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Searching for the Sacred Fire

My favorite duty at our annual June church retreat, high in the Colorado mountains, is waking up early to start the fire in the grand meeting space fireplace. Sipping coffee and waiting for the fire to warm the lodge, I would meditate on the day’s schedule of devotions, studies and prayers which lead to sharing, testimonies, tears and healing.

Participants at the retreat would slowly be drawn to the warm hearth. The warm and dancing flames radiate out the raw power of fire reflected inside of us, which was recognized by our ancients’ ones. 

The ritual or sacred fire is a community tradition among indigenous people to sanctify and consecrate a person, place, or thing. The purpose is to bring healing. We are told by our elders to be solemn when there a Sacred Gathering for a special purpose or service, usually religious in nature. For example, when gathering firewood and tending the sacred fire, one should partake in persistent prayers to thank the Creator for the gifts of the tree.

Before you think that the sacred fire is a pagan celebration...

Before you think that the sacred fire is a pagan celebration, let’s consider what place a wood fire holds among Christian Native Americans. 

The bible points to sacred fire in several ways.  In Leviticus, scripture mentions several times that the fire in the temple altar was to burn continuously. God wanted a perpetual fire there, and He must have had a reason for it just as we are also told to pray continuously in Ephesians. 

A sacred fire is really a big, big candle like one used in a church worship service. Christian faith and indigenous teaching are filled with symbolism, all of which is helpful to teach us and to help us comprehend our faith in a way that goes beyond the cerebral level.  Sacred Fire and candles are of symbols of  divinity. The symbolism of the flame and light represent that Christ is the true light of the world. 

The symbolism of the flame and light represent that Christ is the true light of the world. 

A fire is a symbolic way to bring the light of the Divine into our consciousness, it signifies a call to the senses, an invitation to be fully present in sharing our testimonies, foster resilience and in continuing the healing process.  Where God is present healing can take place.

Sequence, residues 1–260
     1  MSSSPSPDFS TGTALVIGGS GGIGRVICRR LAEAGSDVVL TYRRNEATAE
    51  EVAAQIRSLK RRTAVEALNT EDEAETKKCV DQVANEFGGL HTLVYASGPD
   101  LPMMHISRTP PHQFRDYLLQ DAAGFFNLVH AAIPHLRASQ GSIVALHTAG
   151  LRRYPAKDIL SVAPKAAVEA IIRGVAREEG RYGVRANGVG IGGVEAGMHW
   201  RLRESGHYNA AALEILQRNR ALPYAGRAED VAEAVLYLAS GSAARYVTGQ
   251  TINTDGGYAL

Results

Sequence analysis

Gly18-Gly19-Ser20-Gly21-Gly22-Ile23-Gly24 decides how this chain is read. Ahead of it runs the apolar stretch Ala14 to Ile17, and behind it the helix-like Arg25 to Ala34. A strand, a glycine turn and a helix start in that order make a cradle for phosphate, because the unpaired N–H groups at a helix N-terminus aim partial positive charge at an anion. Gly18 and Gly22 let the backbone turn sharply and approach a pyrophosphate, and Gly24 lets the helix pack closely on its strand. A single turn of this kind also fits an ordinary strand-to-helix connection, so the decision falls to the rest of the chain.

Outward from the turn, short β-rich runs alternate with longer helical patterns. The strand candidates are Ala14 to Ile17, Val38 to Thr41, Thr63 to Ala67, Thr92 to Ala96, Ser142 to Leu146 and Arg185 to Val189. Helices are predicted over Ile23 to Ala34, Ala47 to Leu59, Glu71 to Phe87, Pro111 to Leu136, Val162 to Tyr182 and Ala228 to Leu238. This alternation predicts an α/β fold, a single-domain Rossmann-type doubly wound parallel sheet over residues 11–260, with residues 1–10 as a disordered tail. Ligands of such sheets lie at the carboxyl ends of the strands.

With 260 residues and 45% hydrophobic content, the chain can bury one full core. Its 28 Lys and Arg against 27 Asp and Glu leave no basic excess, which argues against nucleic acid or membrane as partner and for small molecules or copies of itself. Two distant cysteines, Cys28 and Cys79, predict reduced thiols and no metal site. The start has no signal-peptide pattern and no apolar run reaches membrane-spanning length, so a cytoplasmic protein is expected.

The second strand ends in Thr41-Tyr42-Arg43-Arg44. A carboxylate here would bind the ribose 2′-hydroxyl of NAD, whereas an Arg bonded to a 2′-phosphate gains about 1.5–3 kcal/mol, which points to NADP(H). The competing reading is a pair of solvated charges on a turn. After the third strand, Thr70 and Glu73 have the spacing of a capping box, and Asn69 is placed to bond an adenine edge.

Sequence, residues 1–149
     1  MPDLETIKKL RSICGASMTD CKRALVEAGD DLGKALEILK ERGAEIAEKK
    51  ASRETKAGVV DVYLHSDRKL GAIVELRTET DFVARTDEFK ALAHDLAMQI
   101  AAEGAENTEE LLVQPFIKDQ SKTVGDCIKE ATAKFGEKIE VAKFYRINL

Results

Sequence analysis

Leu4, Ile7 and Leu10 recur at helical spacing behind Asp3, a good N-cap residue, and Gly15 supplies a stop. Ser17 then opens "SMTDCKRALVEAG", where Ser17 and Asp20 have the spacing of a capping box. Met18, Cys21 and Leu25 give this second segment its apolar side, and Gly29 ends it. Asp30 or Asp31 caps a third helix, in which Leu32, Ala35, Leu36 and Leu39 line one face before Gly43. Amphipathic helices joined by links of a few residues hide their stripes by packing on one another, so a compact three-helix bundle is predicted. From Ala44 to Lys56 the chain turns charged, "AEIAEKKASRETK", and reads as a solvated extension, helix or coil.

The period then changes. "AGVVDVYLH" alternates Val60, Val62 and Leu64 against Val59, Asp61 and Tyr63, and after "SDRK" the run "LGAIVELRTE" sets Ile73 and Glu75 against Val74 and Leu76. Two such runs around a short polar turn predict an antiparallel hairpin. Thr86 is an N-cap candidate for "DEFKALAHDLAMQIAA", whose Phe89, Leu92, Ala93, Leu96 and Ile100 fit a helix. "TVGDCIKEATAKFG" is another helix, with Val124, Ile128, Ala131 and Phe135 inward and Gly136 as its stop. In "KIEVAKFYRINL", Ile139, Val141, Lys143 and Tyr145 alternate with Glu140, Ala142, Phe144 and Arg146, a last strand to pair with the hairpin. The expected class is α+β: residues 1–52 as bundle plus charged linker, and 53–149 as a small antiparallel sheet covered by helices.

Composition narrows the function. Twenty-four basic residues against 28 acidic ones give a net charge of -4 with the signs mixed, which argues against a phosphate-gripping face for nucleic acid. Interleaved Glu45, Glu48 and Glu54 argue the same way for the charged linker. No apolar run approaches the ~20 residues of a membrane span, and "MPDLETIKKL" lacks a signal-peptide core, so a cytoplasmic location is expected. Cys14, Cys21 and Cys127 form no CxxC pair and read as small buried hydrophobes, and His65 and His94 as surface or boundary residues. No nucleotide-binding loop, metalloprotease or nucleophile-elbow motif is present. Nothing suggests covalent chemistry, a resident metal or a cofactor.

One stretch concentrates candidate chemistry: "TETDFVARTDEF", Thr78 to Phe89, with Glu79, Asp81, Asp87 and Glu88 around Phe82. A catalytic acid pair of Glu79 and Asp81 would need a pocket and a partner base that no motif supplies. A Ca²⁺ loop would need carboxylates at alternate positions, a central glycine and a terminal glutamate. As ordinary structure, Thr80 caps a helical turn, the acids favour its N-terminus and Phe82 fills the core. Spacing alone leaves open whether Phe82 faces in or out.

Fire has deepened my connection to Creator God in many ways.  During my Navajo granddaughter Kinaaldá’s, coming of age ceremony, one of my duties was to keep the fire burning; never was it to be extinguished for four days. It’s was arduous with little sleep especially on long nights. The last night we baked a large corn-cake in the earth from twilight to morning.

Fire has deepened my connection to Creator God in many ways.

Healing with sacred fire came in a different way in 2016 at the Standing Rock Protest. My wife and I were around the Sacred Fire gathering, we burned a copy of the ‘Christian’ Doctrine of Discovery with 500 interfaith clergy and laity who joined us in a Christian ceremony to support the Water Protectors.

When the Christian Reformed Church and other  churches and religious organizations repudiated the Doctrine of Discovery in a study report more healing was generated.  The report labeled the doctrine as heresy and lamented the pain it has caused. Just as the hardest steel is forged in the hottest fires, so too, this study report was forged and strengthened through our own struggles and triumphs.

Native Americans are drawn to the sacred fire because of the power of ceremony, sharing, testimonies, tears, sacred teaching on honesty and healing, all in a safe place. Some haven’t cried for years. Once they come to the sacred fire, they are released, and that’s part of finding healing. 

Perhaps we need to be asking what is and isn’t consecrated to God.

If western Christianity is to reach and be blessed by Indigenous peoples perhaps we need to be asking what is and isn’t consecrated to God.  Before labeling the sacred fire as Syncretism, Polytheism, Animism or Paganism, maybe we need to ask the Indigenous believers how understanding creation and ceremony can bring us closer to God.  

At our church retreat, participants gathered around the fire with reverence, each with their own values and experiences. I noticed how the wood smoke and aroma contrasts the bitter past of indigenous people. God used fire to bring us together and to bless us.  I watched how the glowing embers and smoke blew upward and I prayed that the pains and hope of our people would be lifted and gathered up in the fire and offered to God toward reconciliation.

Photo by Patrick Hendry on Unsplash


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